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#698 God as the Ground of Morality

September 06, 2020

Hello Dr Craig, thank you for all the work that you do! It has benefited me tremendously over the years. I need some clarifications regarding the Euthyphro dilemma. On what basis can God's nature be made the grounding for objective morality? I think the answer to this is that God's nature can be made the grounding because of God's Moral Perfection. But if I propose a hypothetical being B such that B is morally perfect and eternal but it isn't omnipotent and omniscient, then can B be the grounding for objective morality? Moreover, if objective morality provides us with evidence for the existence of God (moral argument), can it also not be said that objective morality provides us with evidence for the existence of B? Kindly help me resolve this confusion.



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Dr. craig’s response


It’s wonderful to know that people in Pakistan are engaging with the work of Reasonable Faith, Danial!  Thank you for writing!

It seems to me that there are some confusions in your question. Most basic is the conflation of a moral theory based in God with a moral argument for God’s existence.

For the sake of clarity, let’s begin with the latter. The moral argument tries to prove that there is a metaphysically necessary, personal being who is the paradigm of moral goodness. That’s it. It no more tries to prove that this being is omnipotent and omniscient than does the kalām cosmological argument or the fine-tuning argument, neither of which claims to prove that the personal Creator and Designer of the universe, however powerful and intelligent, is literally omnipotent and omniscient. For me personally, one of the attractive features of these arguments is their modesty: they don’t claim to prove all of the divine attributes but just a select few. To get omniscience and omnipotence you’re probably going to need the ontological argument. So the moral argument is quite compatible, I think, with a being like B (unless I’m missing something). The moral argument leaves it an open question whether the moral Absolute is omnipotent and omniscient.

Now turn to the question of positing God as the ground of objective moral values and duties. Here one is not trying to prove that such a being exists. One is just offering a moral theory for people’s consideration which provides a theistic grounding of morality. A person who believes in a being like B is perfectly welcome to offer his alternative theory instead, as is the Platonist who proposes to ground moral values in some abstract object like the Good or the humanist who proposes to ground objective moral values in human beings. Every theorist is entitled to his explanatory ultimate in laying out his theory, and then we’ll assess which theory is the most plausible. So when one offers a theistic moral theory in response to the Euthyphro dilemma, the question, “On what basis can God's nature be made the grounding for objective morality?” doesn’t even arise, since one is not trying to prove God’s existence but is just offering a moral theory that features God as an explanatory ultimate. I’ve argued that the Anselmian conception of God as the greatest conceivable being makes God a more plausible explanatory ultimate than those of rival theories, which strike me as premature and arbitrary in their explanatory stopping points. Moreover, as Richard Swinburne has argued, a being which possesses a property to an infinite degree is simpler than a being which inexplicably possesses that property just to some finite degree n (where n is some natural number). God is thus a more plausible explanatory ultimate than a being like B.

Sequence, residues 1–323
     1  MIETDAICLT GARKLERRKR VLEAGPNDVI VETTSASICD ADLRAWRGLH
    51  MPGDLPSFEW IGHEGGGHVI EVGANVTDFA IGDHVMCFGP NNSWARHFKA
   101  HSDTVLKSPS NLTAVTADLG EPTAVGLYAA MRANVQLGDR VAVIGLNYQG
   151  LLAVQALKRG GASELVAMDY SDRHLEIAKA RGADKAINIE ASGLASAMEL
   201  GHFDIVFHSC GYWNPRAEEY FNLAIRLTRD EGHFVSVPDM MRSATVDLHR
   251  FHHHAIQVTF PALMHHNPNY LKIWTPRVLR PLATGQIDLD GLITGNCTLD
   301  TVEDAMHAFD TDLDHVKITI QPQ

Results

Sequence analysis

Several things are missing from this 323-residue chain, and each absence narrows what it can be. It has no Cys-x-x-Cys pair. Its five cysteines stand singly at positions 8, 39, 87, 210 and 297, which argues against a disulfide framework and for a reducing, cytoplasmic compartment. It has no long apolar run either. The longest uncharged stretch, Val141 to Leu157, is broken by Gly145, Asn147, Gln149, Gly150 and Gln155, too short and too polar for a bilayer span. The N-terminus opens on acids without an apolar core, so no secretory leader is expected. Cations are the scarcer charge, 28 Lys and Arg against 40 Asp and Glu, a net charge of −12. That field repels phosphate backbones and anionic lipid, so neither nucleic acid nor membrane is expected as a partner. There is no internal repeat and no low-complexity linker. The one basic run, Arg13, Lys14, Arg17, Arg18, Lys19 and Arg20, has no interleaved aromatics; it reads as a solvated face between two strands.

- William Lane Craig